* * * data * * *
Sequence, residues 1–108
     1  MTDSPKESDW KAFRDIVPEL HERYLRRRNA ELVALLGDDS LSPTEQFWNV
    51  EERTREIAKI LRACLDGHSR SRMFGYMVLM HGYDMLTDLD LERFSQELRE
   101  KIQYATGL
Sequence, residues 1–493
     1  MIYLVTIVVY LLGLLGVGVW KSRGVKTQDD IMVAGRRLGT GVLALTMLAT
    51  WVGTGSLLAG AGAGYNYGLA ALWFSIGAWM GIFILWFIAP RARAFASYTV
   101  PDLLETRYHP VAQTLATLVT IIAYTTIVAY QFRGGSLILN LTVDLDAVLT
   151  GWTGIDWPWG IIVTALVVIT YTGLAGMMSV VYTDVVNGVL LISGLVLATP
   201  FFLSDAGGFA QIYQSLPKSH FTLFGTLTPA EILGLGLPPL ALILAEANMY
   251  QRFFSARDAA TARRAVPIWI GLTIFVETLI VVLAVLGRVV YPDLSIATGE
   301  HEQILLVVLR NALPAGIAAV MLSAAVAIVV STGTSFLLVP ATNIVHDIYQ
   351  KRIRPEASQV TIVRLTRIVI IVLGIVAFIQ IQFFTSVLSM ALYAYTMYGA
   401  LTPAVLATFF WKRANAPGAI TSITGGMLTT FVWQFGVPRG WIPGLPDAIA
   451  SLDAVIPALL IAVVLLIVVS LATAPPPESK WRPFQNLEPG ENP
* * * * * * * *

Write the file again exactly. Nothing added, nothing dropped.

Sequence, residues 1–108
     1  MTDSPKESDW KAFRDIVPEL HERYLRRRNA ELVALLGDDS LSPTEQFWNV
    51  EERTREIAKI LRACLDGHSR SRMFGYMVLM HGYDMLTDLD LERFSQELRE
   101  KIQYATGL
Sequence, residues 1–493
     1  MIYLVTIVVY LLGLLGVGVW KSRGVKTQDD IMVAGRRLGT GVLALTMLAT
    51  WVGTGSLLAG AGAGYNYGLA ALWFSIGAWM GIFILWFIAP RARAFASYTV
   101  PDLLETRYHP VAQTLATLVT IIAYTTIVAY QFRGGSLILN LTVDLDAVLT
   151  GWTGIDWPWG IIVTALVVIT YTGLAGMMSV VYTDVVNGVL LISGLVLATP
   201  FFLSDAGGFA QIYQSLPKSH FTLFGTLTPA EILGLGLPPL ALILAEANMY
   251  QRFFSARDAA TARRAVPIWI GLTIFVETLI VVLAVLGRVV YPDLSIATGE
   301  HEQILLVVLR NALPAGIAAV MLSAAVAIVV STGTSFLLVP ATNIVHDIYQ
   351  KRIRPEASQV TIVRLTRIVI IVLGIVAFIQ IQFFTSVLSM ALYAYTMYGA
   401  LTPAVLATFF WKRANAPGAI TSITGGMLTT FVWQFGVPRG WIPGLPDAIA
   451  SLDAVIPALL IAVVLLIVVS LATAPPPESK WRPFQNLEPG ENP